HIV and Youth: Viral Suppression

Viral suppression is the percentage of people with diagnosed HIV who have less than 200 copies of HIV per milliliter of blood.

Ending the HIV Epidemic goal banner for viral suppression.
graphic of a bottle of pills

It is important for young people to know their HIV status so they can take medicine to treat HIV if they have the virus. Taking HIV medicine every day can make the viral load undetectable. People who get and keep an undetectable viral load (or remain virally suppressed) can stay healthy for many years and have effectively no risk of transmitting HIV to their sex partners.

Youth with Diagnosed HIV in 41 States and the District of Columbia, 2018

Compared to all people with diagnosed HIV, youth have lower viral suppression rates. For every 100 youth with diagnosed HIV in 2018:

79 received some HIV care

58 were retained in care

60 were virally supressed

Compared to all people with diagnosed HIV, youth have lower viral suppression rates.

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* Had 2 viral load or CD4 tests at least 3 months apart in a year.
† Based on most recent viral load test.
Source: CDC. Selected national HIV prevention and care outcomes pdf icon[PDF – 2 MB] [slides].

Among people with HIV, youth aged 18 to 24 years reported higher levels of skipped doses of HIV medicine, missed medical visits, and experienced homelessness. These factors pose barriers to achieving viral suppression and highlight the need for youth-specific support for HIV care retention and treatment adherence.

Missed HIV Medical Care Appointments Among Youth with Diagnosed HIV in the US, 2018*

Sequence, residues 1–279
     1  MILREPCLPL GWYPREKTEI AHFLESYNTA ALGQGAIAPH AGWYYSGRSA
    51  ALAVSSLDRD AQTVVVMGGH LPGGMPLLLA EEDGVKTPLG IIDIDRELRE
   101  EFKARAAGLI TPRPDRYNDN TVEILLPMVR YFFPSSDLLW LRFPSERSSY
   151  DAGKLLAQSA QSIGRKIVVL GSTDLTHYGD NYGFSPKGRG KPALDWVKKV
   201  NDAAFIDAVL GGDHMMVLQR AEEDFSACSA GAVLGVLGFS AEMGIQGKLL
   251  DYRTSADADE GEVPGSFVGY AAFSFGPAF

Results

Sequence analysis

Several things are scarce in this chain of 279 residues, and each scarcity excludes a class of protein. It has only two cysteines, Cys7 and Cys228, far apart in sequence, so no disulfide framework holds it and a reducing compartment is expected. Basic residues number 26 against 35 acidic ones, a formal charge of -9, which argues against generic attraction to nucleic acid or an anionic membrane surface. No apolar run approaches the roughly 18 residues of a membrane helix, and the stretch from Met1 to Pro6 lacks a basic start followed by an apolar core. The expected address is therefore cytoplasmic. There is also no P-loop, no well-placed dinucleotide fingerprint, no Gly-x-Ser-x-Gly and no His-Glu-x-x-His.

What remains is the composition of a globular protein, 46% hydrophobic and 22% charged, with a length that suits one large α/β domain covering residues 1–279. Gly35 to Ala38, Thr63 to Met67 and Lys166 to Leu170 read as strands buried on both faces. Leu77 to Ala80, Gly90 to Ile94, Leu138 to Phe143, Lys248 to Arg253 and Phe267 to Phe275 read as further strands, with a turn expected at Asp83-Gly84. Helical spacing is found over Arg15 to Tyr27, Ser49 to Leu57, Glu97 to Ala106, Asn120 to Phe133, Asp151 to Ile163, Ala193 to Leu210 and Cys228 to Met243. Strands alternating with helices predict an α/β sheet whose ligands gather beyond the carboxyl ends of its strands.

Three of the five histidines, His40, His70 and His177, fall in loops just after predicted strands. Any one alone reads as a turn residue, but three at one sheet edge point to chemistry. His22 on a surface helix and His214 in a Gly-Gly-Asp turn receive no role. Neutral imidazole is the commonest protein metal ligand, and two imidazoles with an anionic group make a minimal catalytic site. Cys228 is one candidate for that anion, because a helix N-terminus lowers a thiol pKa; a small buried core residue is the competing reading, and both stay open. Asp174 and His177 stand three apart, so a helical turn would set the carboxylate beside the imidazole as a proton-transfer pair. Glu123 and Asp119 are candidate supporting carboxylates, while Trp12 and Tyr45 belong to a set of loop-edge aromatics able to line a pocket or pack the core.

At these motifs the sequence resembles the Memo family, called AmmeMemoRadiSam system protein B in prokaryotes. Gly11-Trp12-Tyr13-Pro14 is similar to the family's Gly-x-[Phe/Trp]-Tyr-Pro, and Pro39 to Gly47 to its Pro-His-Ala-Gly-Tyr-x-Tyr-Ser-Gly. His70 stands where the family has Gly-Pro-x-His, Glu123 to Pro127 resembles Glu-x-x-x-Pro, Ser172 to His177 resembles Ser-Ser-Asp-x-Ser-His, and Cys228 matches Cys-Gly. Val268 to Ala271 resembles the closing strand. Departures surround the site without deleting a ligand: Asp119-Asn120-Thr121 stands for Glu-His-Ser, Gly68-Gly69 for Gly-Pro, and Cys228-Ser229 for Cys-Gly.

Staying in HIV care is important to achieving and maintaining viral suppression.

36 percent of youth missed at least 1 HIV medical care appointment compared to 24 percent of people overall.

HIV Treatment Among Youth with Diagnosed HIV in the US, 2018*

Taking HIV medicine consistently and as prescribed is the best way to achieve and maintain viral suppression.

53 percent of youth reported taking all of their HIV medicine compared to 59 percent of people overall.

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*Among youth aged 18 to 24 years who are taking HIV medicine.
Source: CDC. Medical Monitoring Project.

Needed Care Services Among Youth with Diagnosed HIV in the US, 2018*

Having access to needed health care services could reduce barriers to achieving and maintaining viral suppression.

This chart shows the top two services youth reported needing but not receiving: dental care and transportation assistance.

HIV Stigma Among Youth with Diagnosed HIV in the US, 2018*

This chart shows HIV stigma scores among youth and people overall.

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Ten-item scale ranging from 0 (no stigma) to 100 (high stigma) that measures personalized stigma, disclosure concerns, negative self-image, and perceived public attitudes about people with HIV. According to a studyexternal icon, higher scores are associated with poorer social support and greater depression and substance use in youth.

* Aged 18 to 24 years.
Source: CDC. Medical Monitoring Project.

Homelessness Among Youth with Diagnosed HIV in the US, 2018*

People who experience homelessness may find it difficult to get HIV care and treatment.

24 percent of youth reported homelessness in the past 12 months.

Deaths

In 2018, there were 129 deaths among youth with diagnosed HIV in the US and dependent areas. These deaths could be from any cause.

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